Services for Students with Disabilities. In compliance with the Americans with Disabilities Act of 1990 and section 504 of the Rehabilitation Act of 1973, the university makes efforts to provide reasonable accommodations for students with disabilities. To be considered for disability accommodations, students should forward recent documentation of their condition to the director of disability services. Full information about the required documentation and steps for obtaining accommodations is discussed in the disabilities policy available at

The director of disability services coordinates the programs. The director of facilities management is responsible for physical facilities compliance with the Americans with Disabilities Act of 1990. The director of human resources is responsible for employment compliance.

Veterans. The Commonwealth of Pennsylvania has approved Susquehanna to provide education under the public laws pertaining to veterans, reservists and the children of armed forces personnel who lost their lives in the service of their country. Candidates should present certificates of eligibility and entitlement before registration. Veterans who come to the university without the appropriate certificates may apply after arrival through the Veterans Affairs webpage at

Students who are eligible for Chapter 31 (Vocational Rehabilitation and Employment) or Chapter 33 (Post 9/11 GI Bill) benefits, and who have provided a Certificate of Eligibility or Statement of Benefits to the VA Certifying Official, will not be penalized for any delayed disbursement of funds from the VA. Students will not be assessed late fees, denied access to institutional facilities, or be required to borrow additional funds.

Susquehanna is a participant in the Yellow Ribbon GI Education Enhancement Program. The Yellow Ribbon program is a provision of the Post 9/11 Veterans Educational Assistance Act of 2008. This program allows institutions of higher learning in the United States to voluntarily enter into an agreement with the Veterans Administration (VA) to fund expenses up to the annual cap as determined by the VA each academic year. The institution can contribute up to 50 percent of any remaining tuition, and the VA will match the same amount as the institution. Contact the Office of the Registrar for information on Susquehanna's participation in the Yellow Ribbon program.

Privacy Policy and Student Right-to-Know Act. The offices of admissions, the registrar, student life and the Career Development Center maintain records on degree candidates. Enrolled students may review their records by submitting a written request to the appropriate office. They may not remove documents from their files without the administrator's permission. University employees, including the university attorney, emeriti faculty and educational consultants employed by the university, may be given full access to student records.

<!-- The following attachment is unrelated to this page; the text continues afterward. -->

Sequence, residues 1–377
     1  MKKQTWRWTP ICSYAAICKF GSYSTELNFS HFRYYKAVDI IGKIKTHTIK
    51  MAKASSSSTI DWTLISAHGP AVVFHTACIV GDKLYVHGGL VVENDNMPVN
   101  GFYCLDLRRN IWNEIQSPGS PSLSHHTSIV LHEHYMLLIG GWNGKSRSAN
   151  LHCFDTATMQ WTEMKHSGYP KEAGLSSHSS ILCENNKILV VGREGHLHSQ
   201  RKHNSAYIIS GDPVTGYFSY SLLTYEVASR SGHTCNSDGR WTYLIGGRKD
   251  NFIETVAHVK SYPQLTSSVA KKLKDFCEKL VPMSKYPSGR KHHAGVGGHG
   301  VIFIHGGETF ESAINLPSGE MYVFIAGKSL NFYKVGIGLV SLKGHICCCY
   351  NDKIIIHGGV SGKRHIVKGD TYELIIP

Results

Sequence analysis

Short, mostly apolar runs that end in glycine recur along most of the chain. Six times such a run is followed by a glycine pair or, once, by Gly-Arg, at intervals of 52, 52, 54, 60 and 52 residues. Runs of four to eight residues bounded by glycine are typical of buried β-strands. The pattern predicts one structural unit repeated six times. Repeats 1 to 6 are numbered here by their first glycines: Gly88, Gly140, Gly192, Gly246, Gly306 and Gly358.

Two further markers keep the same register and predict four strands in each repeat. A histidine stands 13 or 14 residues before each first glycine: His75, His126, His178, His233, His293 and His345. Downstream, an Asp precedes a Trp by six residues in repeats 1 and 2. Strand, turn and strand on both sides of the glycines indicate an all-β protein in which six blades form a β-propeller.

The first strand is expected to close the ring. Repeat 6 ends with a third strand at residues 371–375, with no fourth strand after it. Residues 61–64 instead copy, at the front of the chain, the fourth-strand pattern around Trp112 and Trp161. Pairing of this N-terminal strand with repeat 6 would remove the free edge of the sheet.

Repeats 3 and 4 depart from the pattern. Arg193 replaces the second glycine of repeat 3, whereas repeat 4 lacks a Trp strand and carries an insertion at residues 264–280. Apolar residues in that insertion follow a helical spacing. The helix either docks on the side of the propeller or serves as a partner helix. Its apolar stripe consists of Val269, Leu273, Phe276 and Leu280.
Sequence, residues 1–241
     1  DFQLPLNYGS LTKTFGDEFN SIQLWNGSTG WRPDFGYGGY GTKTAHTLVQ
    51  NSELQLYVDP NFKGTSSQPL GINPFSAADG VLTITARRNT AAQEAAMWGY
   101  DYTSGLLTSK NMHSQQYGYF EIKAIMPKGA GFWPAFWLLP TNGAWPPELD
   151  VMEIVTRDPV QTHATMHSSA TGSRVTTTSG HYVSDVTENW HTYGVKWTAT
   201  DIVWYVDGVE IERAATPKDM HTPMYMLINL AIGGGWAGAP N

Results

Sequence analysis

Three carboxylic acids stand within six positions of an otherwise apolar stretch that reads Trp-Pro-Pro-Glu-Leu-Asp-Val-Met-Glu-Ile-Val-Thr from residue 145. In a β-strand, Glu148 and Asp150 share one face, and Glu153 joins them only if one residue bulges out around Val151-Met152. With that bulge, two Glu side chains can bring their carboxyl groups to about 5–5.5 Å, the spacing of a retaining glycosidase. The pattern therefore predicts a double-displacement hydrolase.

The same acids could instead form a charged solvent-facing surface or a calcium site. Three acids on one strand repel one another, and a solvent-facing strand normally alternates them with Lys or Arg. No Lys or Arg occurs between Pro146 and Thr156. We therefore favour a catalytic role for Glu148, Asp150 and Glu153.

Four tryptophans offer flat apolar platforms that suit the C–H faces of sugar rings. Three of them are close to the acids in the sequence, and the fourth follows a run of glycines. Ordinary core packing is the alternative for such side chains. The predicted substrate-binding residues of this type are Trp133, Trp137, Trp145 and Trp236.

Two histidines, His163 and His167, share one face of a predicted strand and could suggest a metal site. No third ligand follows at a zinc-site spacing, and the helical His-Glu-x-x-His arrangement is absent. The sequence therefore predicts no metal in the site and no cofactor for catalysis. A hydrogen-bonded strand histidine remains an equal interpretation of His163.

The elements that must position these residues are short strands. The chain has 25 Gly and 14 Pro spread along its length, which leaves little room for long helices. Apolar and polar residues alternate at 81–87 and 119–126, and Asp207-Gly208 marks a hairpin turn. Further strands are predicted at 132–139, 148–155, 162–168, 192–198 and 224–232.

The University maintains an online directory listing each student's name, program, class, campus mailbox, and campus email address. The university may release this information, in addition to home and campus address, publicly without prior consent from the student. The university may also release student activities, photographs, home telephone number, dates of attendance and graduation, degrees awarded, honors received, and other educational institutions attended. Weight and height for varsity athletes may also be released. The university may also release photographs of students for use in the news media and in university publications in printed, video and electronic formats. A student may request that any of this information not be released by writing to the vice president for student life.

As of Jan. 3, 2012, the U.S. Department of Education's FERPA regulations expand the circumstances under which students' education records and personally identifiable information (PII) contained in such records—including Social Security number, grades or other private information—may be accessed without student consent. First, the U.S. Comptroller General, the U.S. Attorney General, the U.S. Secretary of Education, or state and local education authorities ("Federal and State Authorities") may allow access to student records and PII without student consent to any third party designated by a Federal or State Authority to evaluate a federal- or state-supported education program. The evaluation may relate to any program that is "principally engaged in the provision of education," such as early childhood education and job training, as well as any program that is administered by an education agency or institution. Second, Federal and State Authorities may allow access to students' education records and PII without student consent to researchers performing certain types of studies, in certain cases even when we object to or do not request such research. Federal and State Authorities must obtain certain use-restriction and data security promises from the entities that they authorize to receive PII, but the authorities need not maintain direct control over such entities. In addition, in connection with Statewide Longitudinal Data Systems, State Authorities may collect, compile, permanently retain and share without student consent PII from education records, and they may track student participation in education and other programs by linking such PII to other personal information about students that they obtain from other federal or state data sources, including workforce development, unemployment insurance, child welfare, juvenile justice, military service and migrant student records systems.

The university may release academic information to parents of a dependent student at any time.

In accordance with the Student Right-to-Know Act, Susquehanna University publishes the graduation rate of full-time bachelor's degree students. Anyone interested in receiving this information may access it here.